Luke DeCock

DeCock: Canes are stuck in NHL's neutral

It was the kind of thing a fan would say, or a sports columnist, or a radio host. To hear it come from a general manager about his own team was to produce the kind of head-turning double-take that makes chiropractors think about getting a bigger boat.

“I believe we had a good product,” Hurricanes general manager Jim Rutherford said. “As we speak today, we don’t.”

Coming from the general manager who put the team together, it was nothing short of shocking, even if the candor was refreshing.

“It’s hard to sit here with a lot of confidence based on what I’ve watched the last couple weeks,” Rutherford also acknowledged, sharing the sentiments of an increasingly disaffected fan base.

As the NHL trade deadline passed Wednesday, only hours after Joni Pitkanen was lost for the season with a broken heel suffered on a needless collision on an icing play and the Hurricanes gave up three unanswered goals to the Washington Capitals in a 5-3 loss, the Hurricanes were paralyzed by mediocrity.

Tuesday morning, the Hurricanes were buyers, adding defenseman Marc-Andre Bergeron, a free agent after the season. Twenty-four hours later, they were sellers, dumping Jussi Jokinen, even agreeing to pay some of Jokinen’s salary in the process.

Four points back in the division with three games in hand, the Hurricanes are far from out of it, mathematically speaking. With only one win in their past 10 games, they might as well be. A despondent Rutherford admitted as much Wednesday.

“Based on the position we’ve put ourselves in here over the past two or three weeks, I wasn’t going to trade younger players or high draft picks for somebody who may or may not make a difference in the last month,” Rutherford said. “There weren’t any deals that made sense for us.”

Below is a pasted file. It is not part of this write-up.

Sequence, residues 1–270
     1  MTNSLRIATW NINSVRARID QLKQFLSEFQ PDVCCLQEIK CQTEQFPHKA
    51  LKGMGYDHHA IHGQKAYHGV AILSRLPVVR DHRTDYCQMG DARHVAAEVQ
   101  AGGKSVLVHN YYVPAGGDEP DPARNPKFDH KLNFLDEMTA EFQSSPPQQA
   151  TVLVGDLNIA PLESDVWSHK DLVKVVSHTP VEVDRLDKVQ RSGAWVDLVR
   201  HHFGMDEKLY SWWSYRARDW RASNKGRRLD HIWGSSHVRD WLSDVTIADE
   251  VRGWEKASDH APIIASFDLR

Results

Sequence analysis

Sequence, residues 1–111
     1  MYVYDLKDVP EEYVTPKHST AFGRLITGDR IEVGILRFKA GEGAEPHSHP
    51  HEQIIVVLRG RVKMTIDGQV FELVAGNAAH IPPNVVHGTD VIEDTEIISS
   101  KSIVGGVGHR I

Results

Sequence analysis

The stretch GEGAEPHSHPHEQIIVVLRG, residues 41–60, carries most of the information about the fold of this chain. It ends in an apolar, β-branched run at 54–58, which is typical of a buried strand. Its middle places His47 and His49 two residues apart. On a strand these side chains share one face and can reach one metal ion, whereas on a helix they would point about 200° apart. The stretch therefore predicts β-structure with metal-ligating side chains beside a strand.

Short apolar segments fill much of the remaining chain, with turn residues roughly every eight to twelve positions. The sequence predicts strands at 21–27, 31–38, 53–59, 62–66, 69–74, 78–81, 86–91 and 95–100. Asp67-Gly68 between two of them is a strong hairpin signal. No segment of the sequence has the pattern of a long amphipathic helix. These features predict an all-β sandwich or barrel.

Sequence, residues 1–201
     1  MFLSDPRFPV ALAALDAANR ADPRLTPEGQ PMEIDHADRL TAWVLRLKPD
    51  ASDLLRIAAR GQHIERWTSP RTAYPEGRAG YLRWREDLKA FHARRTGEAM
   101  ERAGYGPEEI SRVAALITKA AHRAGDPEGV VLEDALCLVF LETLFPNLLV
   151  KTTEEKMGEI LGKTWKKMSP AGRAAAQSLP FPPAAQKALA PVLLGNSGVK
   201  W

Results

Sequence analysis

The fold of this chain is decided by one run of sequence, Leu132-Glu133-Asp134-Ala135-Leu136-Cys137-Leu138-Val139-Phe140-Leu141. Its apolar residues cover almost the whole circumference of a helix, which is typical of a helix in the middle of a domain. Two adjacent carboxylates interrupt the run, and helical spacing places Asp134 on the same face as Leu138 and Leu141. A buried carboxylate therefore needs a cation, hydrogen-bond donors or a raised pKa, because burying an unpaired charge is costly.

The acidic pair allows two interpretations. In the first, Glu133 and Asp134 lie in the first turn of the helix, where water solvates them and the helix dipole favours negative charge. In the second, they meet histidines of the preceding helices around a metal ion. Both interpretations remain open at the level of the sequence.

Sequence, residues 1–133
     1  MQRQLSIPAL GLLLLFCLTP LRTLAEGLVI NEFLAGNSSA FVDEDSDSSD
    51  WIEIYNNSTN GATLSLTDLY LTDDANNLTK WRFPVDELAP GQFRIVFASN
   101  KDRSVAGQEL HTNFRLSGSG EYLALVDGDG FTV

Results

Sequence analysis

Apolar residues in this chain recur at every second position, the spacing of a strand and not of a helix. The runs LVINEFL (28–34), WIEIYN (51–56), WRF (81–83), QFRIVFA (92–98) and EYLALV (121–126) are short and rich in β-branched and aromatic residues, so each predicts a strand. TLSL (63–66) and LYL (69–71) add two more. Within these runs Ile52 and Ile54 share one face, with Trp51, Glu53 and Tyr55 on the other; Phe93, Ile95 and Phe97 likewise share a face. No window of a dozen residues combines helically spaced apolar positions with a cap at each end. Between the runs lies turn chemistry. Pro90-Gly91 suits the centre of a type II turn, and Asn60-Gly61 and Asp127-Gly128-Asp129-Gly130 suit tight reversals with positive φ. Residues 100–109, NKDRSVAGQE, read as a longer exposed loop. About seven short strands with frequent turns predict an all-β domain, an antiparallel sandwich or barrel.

Once again the Hurricanes are trapped in the middle, the worst place to be. If you’re not going to make the playoffs, it’s better miss by a lot and grab a top player in the draft. Instead, the Hurricanes are trapped in a perpetual cycle of mediocrity, never quite good enough to compete, never quite bad enough to rebuild.

There’s almost nothing wrong with the Hurricanes now that couldn’t have been foreseen before the season. The concerns about scoring depth and defense were all there in January, and when first Cam Ward and then Justin Faulk went down, the foundation the Hurricanes’ early season success had been built upon crumbled, exposing all the flaws Ward and Faulk had helped paper over.

Even with the undisclosed amount the Hurricanes are paying the Pittsburgh Penguins, getting Jokinen’s $3 million off the books next season will help make space for help on defense. That help is needed now, but after watching this team limp through March, it’s hard to blame Rutherford for thinking it wasn’t worth giving up anything worthwhile to get it.

The Hurricanes are now in a position where not only are they likely to miss the playoffs for the sixth time in seven years since winning the Stanley Cup, they’re doing it in the final season before realignment will make it exponentially more difficult to qualify, and they’re doing it before an offseason in which they will raise ticket prices for the first time in years.

That’s typically not a time a general manager acknowledges his own team’s failings. It just so happened to come the same day he decided it didn’t deserve any help.

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